CM . . . . Volume XVIII Number 10 . . . . November 4, 2011
Ghost Moon is like a classic Western film brought to the pages of a book for teen boys. The hero is James (Jim) Doolen, a young Canadian adventurer in the American frontier. His earlier escapades (leaving home to track down his father in Mexico) are chronicled in Written in Blood, the first in this trilogy. Ghost Moon can be read on its own, but, as a stand-alone, the opening chapter plunges readers into the middle of action and makes them unravel some threads of the past. I actually liked this as a technique, and would have liked it even if there had been no prequel. Ghost Moon is, though, very much a middle book. It has a very transitional feel about it, as if readers are recovering from the trials and tribulations of the initial quest and are just taking a break before the real dramatic action of a third book will begin. Not that Ghost Moon isn't a dramatic book. The number of murders alone makes that description impossible.
Jim is on the road and looking for work when he hooks up with Billy the Kid who promises him a job at a new business. The trouble is that the job is at a new outfitters who is setting up shop to compete with the corrupt Jimmy Dolan who has a stranglehold on all commerce in the area and is not planning on giving that up any time soon. This impasse leads to multiple murders, a siege, a burning house, many gunfights and the eventual death of most of the characters. It's a little formulaic, but it's dramatic and has enough action to engage reluctant readers.
When Jim brings some goods to nearby Fort Staunton, he catches up with Lt. Fowler, someone he'd met in the first book. Fowler asks him to scout out public opinion on a local Apache reservation. Here, Jim observes the conditions and events which will obviously be at the heart of the third instalment. By the end of Ghost Moon, Jim is a scout for the 10th Cavalry.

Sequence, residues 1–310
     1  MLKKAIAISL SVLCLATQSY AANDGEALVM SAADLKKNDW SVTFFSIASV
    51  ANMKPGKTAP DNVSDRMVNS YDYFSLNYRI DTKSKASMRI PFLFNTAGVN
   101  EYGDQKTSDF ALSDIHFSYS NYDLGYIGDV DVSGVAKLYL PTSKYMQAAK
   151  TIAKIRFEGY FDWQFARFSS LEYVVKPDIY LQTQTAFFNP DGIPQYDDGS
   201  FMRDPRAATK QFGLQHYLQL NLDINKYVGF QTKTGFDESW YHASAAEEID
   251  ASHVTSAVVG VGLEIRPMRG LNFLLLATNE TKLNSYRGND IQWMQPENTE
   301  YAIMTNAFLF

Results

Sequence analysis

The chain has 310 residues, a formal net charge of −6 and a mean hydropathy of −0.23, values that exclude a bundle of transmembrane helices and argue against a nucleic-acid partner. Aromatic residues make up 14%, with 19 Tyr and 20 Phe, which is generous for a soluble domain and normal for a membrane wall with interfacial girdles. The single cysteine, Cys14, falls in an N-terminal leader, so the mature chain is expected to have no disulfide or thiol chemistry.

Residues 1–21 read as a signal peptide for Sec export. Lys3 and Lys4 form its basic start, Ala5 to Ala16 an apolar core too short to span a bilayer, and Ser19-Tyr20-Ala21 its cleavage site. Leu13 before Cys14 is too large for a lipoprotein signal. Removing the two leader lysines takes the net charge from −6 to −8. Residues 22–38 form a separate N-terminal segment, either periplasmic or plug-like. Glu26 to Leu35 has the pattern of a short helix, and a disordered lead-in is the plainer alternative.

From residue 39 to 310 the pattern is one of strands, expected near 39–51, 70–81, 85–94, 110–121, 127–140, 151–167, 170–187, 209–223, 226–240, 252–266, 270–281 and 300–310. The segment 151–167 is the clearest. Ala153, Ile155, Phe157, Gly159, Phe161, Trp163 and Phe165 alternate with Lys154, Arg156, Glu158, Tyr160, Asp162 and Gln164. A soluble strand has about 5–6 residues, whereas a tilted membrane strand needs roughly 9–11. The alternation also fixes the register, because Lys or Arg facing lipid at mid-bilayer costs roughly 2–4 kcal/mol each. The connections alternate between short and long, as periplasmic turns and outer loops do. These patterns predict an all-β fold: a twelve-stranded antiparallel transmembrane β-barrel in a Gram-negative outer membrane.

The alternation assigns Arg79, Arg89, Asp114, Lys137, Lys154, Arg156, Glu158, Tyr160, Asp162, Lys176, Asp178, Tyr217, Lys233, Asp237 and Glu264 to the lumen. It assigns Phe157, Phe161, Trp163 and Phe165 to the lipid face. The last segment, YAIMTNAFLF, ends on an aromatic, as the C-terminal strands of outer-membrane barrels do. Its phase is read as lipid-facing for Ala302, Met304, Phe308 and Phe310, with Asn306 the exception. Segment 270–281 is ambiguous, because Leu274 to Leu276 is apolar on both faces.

Jim is a quiet and thoughtful character, in contrast with the wild, hot-headed Billy the Kid. Jim worries that he might become like the amoral Kid. He is forced to deal with the question of vigilante justice and how to right injustices if the law won't do it. Jim's solution is mostly to try to stay out of trouble, but it doesn't work very well for him. He does feel injustice keenly but still believes in the power of a just law.
Ghost Moon is definitely a palatable lesson in both history and the creation of the history, itself. One of the most interesting encounters takes place when Jim meets an old Mexican who fought at the Alamo. Jim is excited to hear first-hand stories of his heroes, Crockett and Bowie, but is forced to rethink his presumptions when the old Mexican describes events very different from those already recorded in the history books. "Heroes and villains are what we make them," he reminds Jim. The novel also makes it clear that the glamorous history of the Old West is nothing like the real, bloody sordid history. Wilson describes almost constant violence, greed, corruption and injustice.
Ghost Moon is a solidly written book, and the history is presented in a palatable form, never rammed down the reader's throat. The descriptions and details are all essential, not just thrown in for show or to convince readers that this is taking place in the past. Wilson delves into the nuances of ideas of justice and the production of history. His characters are believable, although most don't have too much depth. There are no real females characters, but I didn't expect this novel to shatter all the formulas of a boy's adventure story. There is nothing terribly original here – it could easily be a Hollywood script – but the story, pacing and characters are all created with confidence and ease.
Kris Rothstein is a children's book agent and reviewer in Vancouver, BC.
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